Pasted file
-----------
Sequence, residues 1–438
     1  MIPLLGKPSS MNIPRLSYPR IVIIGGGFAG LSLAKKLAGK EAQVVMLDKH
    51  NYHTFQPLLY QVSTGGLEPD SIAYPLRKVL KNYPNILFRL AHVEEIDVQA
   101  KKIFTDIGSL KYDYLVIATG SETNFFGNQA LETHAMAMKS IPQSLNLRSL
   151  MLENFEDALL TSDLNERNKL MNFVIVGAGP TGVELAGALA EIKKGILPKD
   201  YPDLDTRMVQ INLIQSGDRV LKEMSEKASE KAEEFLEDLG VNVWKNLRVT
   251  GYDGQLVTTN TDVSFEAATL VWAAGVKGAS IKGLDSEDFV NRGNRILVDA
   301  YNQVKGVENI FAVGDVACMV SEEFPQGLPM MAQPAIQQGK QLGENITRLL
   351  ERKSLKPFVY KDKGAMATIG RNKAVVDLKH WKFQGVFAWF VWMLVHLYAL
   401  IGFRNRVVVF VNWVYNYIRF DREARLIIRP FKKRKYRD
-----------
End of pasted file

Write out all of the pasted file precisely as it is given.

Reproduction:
Sequence, residues 1–438
     1  MIPLLGKPSS MNIPRLSYPR IVIIGGGFAG LSLAKKLAGK EAQVVMLDKH
    51  NYHTFQPLLY QVSTGGLEPD SIAYPLRKVL KNYPNILFRL AHVEEIDVQA
   101  KKIFTDIGSL KYDYLVIATG SETNFFGNQA LETHAMAMKS IPQSLNLRSL
   151  MLENFEDALL TSDLNERNKL MNFVIVGAGP TGVELAGALA EIKKGILPKD
   201  YPDLDTRMVQ INLIQSGDRV LKEMSEKASE KAEEFLEDLG VNVWKNLRVT
   251  GYDGQLVTTN TDVSFEAATL VWAAGVKGAS IKGLDSEDFV NRGNRILVDA
   301  YNQVKGVENI FAVGDVACMV SEEFPQGLPM MAQPAIQQGK QLGENITRLL
   351  ERKSLKPFVY KDKGAMATIG RNKAVVDLKH WKFQGVFAWF VWMLVHLYAL
   401  IGFRNRVVVF VNWVYNYIRF DREARLIIRP FKKRKYRD